What’s your favorite boondoggle?

Hey look, the state’s talking about boosting passenger trains! Cue the Republican Outrage Machine.

The [Vermont] Agency of Transportation has issued its first statewide rail plan in nearly a decade. The proposal envisions new passenger routes to Burlington, Montreal, Manchester and Bennington…

… The combined price tag for the 20-year plan totals $665 million, well more than the $380 million in state and federal funding anticipated over the same time frame.

I can hear it now: a waste of taxpayer dollars! Unconscionable subsidies for a bygone system! Passenger rail serves only a small affluent clientele of train buffs!

Republicans, after all, have been trying to kill Amtrak for years because they believe passenger rail should pay its own way.

Which sounds nice in theory, makes a good sound bite. Problem is, there isn’t a transportation system of any kind that can stand on its own two feet. They all require massive subsidization.

Roads and highways, well, that’s easy. Construction and upkeep is entirely a taxpayer-funded enterprise, with the very occasional exception of toll roads. If we actually apportioned the costs on the basis of usership, the cost of long-distance trucking would go through the roof. Cargo trains would suddenly seem like a bargain by comparison. And if inter-city commutes reflected their true costs, well, let’s just say CCTA would have to greatly expand its LINK service.

But air travel is the big enchilada. An airport manager once told me, “Airports inherently lose money.” The infrastructure and security costs are borne by taxpayers, most of whom rarely or never use the facilities. (Talk about taking from the poor and giving to the rich.)

If the price of a plane ticket reflected the actual cost of the trip, let me tall you, Amtrak would look like a bargain. Rail subsidies are a drop in the bucket compared to the sweetheart deals freely given to aviation.

Case in point: Back in 2012, I wrote a blogpost at Green Mountain Daily about the Lebanon, NH airport, which is a perpetual money-loser. It receives massive federal subsidies; its only passenger carrier gets a huge federal grant for serving an otherwise unserved market; and even so, the airport runs a deficit that has to be underwritten by city taxpayers. Without the federal subsidies, the whole enterprise would collapse. Yep, Lebanon Airport is a big fat lazy welfare queen.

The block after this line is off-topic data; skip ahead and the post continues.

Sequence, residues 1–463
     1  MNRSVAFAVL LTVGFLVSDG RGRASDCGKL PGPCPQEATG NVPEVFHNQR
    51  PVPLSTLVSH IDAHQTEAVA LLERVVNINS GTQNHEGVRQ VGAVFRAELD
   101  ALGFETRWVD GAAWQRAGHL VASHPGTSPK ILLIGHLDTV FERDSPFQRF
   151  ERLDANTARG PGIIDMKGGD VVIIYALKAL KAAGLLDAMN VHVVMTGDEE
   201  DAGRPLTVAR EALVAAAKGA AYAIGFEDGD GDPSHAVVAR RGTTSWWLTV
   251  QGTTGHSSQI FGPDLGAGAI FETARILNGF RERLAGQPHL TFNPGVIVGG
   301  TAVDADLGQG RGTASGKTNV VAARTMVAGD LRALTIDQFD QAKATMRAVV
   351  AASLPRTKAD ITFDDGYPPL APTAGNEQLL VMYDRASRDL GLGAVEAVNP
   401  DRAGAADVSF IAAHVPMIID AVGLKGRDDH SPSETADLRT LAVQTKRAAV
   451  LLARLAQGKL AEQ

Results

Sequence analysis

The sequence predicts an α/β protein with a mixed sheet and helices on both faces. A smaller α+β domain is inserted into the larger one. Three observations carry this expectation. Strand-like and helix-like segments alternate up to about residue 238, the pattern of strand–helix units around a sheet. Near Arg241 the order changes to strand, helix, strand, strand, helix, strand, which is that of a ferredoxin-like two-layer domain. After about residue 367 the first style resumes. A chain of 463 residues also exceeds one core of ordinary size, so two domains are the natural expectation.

The real reason for all this is not passenger service — it’s civil aviation. With extremely rare exceptions, air travelers don’t need Lebanon, which is roughly an hour away from two better airports, Manchester (NH) and Burlington. No, the people who need Lebanon are the owners of private planes, almost entirely corporations and rich people. And what do you know, they have the best lobbyists fighting for their government subsidies, so they get what they want.

So the next time some Republican complains about “taxpayer subsidies for trains,” give ’em the horse laugh. If we didn’t have a national policy of starving the rail system while throwing big bags of loot at highways and airports, passenger rail would be a thriving and relevant enterprise. With a much smaller carbon footprint than its well-funded competitors.

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2 thoughts on “What’s your favorite boondoggle?

  1. Sue Prent

    Sing it loud! We, THE PEOPLE, need passenger rail in Vermont. We keep reading about the “incentives” that must be routinely tossed to big businesses, but something that can directly improve the quality of ordinary people’s lives AND the environment is only grudgingly considered if the targeted enterprise is guaranteed NOT to need it.

    Reply
  2. Walter Carpenter

    “No, the people who need Lebanon are the owners of private planes, almost entirely corporations and rich people. And what do you know, they have the best lobbyists fighting for their government subsidies, so they get what they want.”

    It is always called socialism when taxpayer dollars go to help the public; it is ok, though, when our public dollars go to help for the rich like the above scenario.

    Reply

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